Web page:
May 13, 2014 at 3:34 pm #153759
Oscar-Winning ‘Searching For Sugar Man’ Director Dead at 36
“Searching for Sugar Man” director Malik Bendjelloul
Nigel M. Smith
The Academy Award-winning filmmaker of “Searching For Sugar Man,”
Malik Bendjelloul, was found dead today in Stockholm, according to
police reports. Bendjelloul, 36, won the Academy for Best Documentary
last year for the film, about his search for the musician Sixto Diaz
Rodriguez. Bendjelloul directed, produced, edited and co-wrote the film,
which initially premiered at Sundance in 2012 where it won the Audience
Award. The film, which was the director’s first, also won awards for
Best Documentary from the DGA, PGA, WGA, BAFTA, NBR and other festivals.
“Searching for Sugar Man”
In his review of the film at Sundance, Eric Kohn wrote, “The director makes a convincing case for Rodriguez as a phantom rock
star, no less valid in its iconoclastic value than Bob Dylan, but never
validated by the marketplace.”
Bendjelloul recently told The New York Times
about how anonymous the musician was before the film first screened at
Sundance. “Many people didn’t know when the film started who he was at
all. They even thought that he was dead for the first half-hour. So
seeing him in the flesh an hour later was powerful. That’s what you can
do with documentaries.”
spokeswoman Pia Glenvik said the Swedish filmmaker died in Stockholm
late Tuesday, but didn’t specify the cause of death except to say there
was no crime suspected, according to the Associated Press.May 13, 2014 at 3:44 pm #153761
Tragic loss to the film world. So gifted, so young.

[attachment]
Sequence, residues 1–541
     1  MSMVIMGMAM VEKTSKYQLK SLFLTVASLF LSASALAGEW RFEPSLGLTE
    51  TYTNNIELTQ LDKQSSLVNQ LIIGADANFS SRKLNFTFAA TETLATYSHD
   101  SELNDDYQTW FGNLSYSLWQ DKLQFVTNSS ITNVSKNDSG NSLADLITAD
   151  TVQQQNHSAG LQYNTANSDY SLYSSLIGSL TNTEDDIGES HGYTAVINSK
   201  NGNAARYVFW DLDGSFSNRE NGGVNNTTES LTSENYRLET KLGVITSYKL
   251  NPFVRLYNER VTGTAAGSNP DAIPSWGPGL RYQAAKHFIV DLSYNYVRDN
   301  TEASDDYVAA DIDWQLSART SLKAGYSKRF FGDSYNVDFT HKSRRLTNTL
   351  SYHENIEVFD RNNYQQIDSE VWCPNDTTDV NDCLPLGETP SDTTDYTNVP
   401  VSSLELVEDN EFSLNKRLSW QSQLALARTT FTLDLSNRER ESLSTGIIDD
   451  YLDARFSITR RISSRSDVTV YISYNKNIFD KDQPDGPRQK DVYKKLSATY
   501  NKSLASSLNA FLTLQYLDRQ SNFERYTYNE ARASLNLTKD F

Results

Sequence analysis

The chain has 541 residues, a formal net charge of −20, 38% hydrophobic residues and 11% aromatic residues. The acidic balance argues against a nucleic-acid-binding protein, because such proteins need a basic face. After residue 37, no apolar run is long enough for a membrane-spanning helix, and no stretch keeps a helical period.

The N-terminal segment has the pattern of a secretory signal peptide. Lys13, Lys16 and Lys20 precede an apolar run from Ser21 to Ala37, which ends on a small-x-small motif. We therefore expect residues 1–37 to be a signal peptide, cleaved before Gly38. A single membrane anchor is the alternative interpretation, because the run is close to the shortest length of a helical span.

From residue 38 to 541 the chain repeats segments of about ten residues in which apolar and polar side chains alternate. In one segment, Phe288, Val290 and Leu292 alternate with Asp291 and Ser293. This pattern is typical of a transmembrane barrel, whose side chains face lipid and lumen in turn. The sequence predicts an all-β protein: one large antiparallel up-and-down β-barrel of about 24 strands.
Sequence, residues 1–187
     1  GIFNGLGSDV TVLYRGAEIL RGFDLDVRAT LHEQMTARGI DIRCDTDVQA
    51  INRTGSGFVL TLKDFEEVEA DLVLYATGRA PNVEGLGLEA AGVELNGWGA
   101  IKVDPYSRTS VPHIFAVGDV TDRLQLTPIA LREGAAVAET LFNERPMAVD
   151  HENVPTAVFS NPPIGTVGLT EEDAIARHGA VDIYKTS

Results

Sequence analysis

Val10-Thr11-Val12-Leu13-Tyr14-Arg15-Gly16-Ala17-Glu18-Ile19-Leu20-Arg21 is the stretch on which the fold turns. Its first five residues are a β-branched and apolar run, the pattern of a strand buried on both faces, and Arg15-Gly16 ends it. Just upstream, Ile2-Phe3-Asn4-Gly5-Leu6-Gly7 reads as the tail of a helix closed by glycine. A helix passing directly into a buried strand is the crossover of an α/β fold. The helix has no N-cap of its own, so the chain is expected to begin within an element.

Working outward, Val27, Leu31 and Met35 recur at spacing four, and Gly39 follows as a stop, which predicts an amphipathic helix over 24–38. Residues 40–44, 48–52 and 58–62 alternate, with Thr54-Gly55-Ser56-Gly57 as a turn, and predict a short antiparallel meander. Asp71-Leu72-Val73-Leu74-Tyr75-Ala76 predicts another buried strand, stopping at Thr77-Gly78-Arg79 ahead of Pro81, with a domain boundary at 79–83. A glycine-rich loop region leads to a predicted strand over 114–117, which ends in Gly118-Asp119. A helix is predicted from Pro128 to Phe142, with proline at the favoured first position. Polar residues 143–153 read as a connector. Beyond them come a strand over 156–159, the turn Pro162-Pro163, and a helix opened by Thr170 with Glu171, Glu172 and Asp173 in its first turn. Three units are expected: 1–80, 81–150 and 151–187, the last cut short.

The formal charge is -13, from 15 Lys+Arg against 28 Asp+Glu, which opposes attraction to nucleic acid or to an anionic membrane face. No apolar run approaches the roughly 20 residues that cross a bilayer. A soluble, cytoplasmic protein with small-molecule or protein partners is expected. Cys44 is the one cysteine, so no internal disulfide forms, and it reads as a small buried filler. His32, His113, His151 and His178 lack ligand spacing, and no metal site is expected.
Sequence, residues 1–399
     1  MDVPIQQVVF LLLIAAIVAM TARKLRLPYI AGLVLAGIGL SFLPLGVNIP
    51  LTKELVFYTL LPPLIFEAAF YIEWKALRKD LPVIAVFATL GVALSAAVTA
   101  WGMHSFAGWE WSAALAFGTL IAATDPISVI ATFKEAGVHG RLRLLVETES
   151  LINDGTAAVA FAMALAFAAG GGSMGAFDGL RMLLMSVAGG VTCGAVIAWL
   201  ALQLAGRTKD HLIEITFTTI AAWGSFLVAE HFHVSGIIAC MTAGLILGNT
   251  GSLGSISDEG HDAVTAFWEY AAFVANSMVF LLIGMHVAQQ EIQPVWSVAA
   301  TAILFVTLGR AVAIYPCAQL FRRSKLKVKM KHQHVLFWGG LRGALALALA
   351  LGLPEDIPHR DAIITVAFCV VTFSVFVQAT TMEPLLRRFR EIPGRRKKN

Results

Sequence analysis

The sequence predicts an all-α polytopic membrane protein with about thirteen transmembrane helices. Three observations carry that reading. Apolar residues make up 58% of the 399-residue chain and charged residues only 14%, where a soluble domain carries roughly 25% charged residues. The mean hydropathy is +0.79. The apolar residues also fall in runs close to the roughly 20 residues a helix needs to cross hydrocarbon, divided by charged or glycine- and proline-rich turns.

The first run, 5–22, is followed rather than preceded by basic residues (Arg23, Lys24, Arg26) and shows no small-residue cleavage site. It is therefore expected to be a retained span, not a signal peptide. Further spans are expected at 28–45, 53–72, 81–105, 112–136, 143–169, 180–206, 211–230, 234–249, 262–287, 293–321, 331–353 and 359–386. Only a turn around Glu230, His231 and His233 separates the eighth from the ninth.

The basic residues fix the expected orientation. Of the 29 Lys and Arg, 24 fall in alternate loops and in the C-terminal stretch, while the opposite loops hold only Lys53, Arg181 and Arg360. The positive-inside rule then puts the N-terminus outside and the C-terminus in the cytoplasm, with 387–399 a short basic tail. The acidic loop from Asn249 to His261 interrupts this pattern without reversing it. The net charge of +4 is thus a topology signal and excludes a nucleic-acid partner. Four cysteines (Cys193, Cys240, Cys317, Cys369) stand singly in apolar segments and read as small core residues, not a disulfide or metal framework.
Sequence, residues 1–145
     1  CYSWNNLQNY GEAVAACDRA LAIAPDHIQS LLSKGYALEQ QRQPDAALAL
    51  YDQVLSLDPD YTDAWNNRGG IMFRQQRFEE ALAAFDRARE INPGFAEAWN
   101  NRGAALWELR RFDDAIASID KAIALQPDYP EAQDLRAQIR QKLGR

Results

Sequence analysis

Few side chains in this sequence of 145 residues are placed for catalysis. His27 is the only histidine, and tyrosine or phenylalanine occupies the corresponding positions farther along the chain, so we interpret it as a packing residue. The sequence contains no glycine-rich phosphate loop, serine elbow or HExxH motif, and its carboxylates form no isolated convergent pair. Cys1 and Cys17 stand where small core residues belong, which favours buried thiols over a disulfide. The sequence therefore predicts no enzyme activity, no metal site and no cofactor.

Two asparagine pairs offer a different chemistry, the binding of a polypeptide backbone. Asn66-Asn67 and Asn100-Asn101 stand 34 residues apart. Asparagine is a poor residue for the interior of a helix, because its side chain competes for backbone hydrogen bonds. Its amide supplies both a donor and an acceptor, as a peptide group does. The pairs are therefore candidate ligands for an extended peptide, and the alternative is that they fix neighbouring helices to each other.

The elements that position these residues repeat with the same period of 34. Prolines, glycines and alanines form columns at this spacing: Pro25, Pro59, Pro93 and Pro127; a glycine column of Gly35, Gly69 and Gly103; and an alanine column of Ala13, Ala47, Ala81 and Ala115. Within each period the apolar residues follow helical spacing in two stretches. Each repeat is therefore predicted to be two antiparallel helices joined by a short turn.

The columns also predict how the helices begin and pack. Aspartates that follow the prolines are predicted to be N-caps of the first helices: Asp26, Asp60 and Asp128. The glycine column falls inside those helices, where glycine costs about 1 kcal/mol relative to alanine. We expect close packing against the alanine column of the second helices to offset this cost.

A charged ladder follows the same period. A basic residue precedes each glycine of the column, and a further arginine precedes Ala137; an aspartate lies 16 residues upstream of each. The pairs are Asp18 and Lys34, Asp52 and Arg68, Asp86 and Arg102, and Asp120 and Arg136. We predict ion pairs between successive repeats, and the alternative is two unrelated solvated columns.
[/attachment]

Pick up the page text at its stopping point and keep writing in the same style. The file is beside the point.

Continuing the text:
RIPMay 13, 2014 at 3:51 pm #153762
What.May 13, 2014 at 3:55 pm #153763
He went from Searching for Sugar Man, to Searching for Jesus Man.
RIP Malik!May 13, 2014 at 4:14 pm #153764
It is curious that this was the only film project he was ever involved in of any sort. No indications that he had anything to follow it up ( he finished the project almost 3 years ago). Usually when someone wins an Oscar at this level, the doors open for multiple projects and lots of activity. For whatever reason, it didn’t seem to happen in his case.May 14, 2014 at 7:42 am #153765
Cause of death now reported:
for Sugar Man” director commits
suicide aged 36
by Niklas Pollard and Anna Ringstrom, REUTERS
STOCKHOLM Wed May 14, 2014 2:11pm BST
(Reuters)—Swedish film director Malik Bendjelloul, whose
documentary “Searching for Sugar Man” won an Oscar last year, has
killed himself, his family said, triggering tributes for a man who “chased
the world for stories to tell”.
Police said Bendjelloul, who was 36, had died late on
Tuesday in the Stockholm area. His brother later confirmed local media reports
that he had committed suicide.
“I can confirm my brother has taken his own life,”
Johar Bendjelloul said in a text message to Reuters.
“Searching for Sugar Man”, structured like a
mystery, followed two South African journalists trying to track down American
singer Sixto Rodriguez after his disappearance from the public scene.
Rodriguez had failed to achieve fame in the United States
but, unbeknownst to him, had become a popular and influential folk icon in
“Searching for Sugar Man” swept major awards
from the U.S. directors, producers and writers guilds, and won audience and
special jury awards at the Sundance Film Festival.
It also helped make Rodriguez, now aged 71, better known
in the United States and led to a revival of his musical career.
Sony Pictures Classics, the film’s distributor, led the
tributes to Bendjelloul on Wednesday.
“Much like Rodriguez himself, Malik was a genuine
person who chased the world for stories to tell,” it said in a statement.
“He didn’t chase fame, fortune, or awards, although
those accolades still found him as many others recognized his
storytelling,” the statement said.
Fellow directors mourned his passing.
“He made a great film & will be missed,”
U.S. filmmaker Michael Moore said on Twitter.
His former employer, Swedish public service broadcaster
SVT, said it would run a memorial programme about Bendjelloul on Wednesday
Nicholas Wenno, a reporter at Sweden’s daily Dagens
Nyheter, described the filmmaker as “a whimsical genius who saw the world
in his own way, who seemed fuelled by atomic energy”.
“We are many that will mourn you,” Wenno added.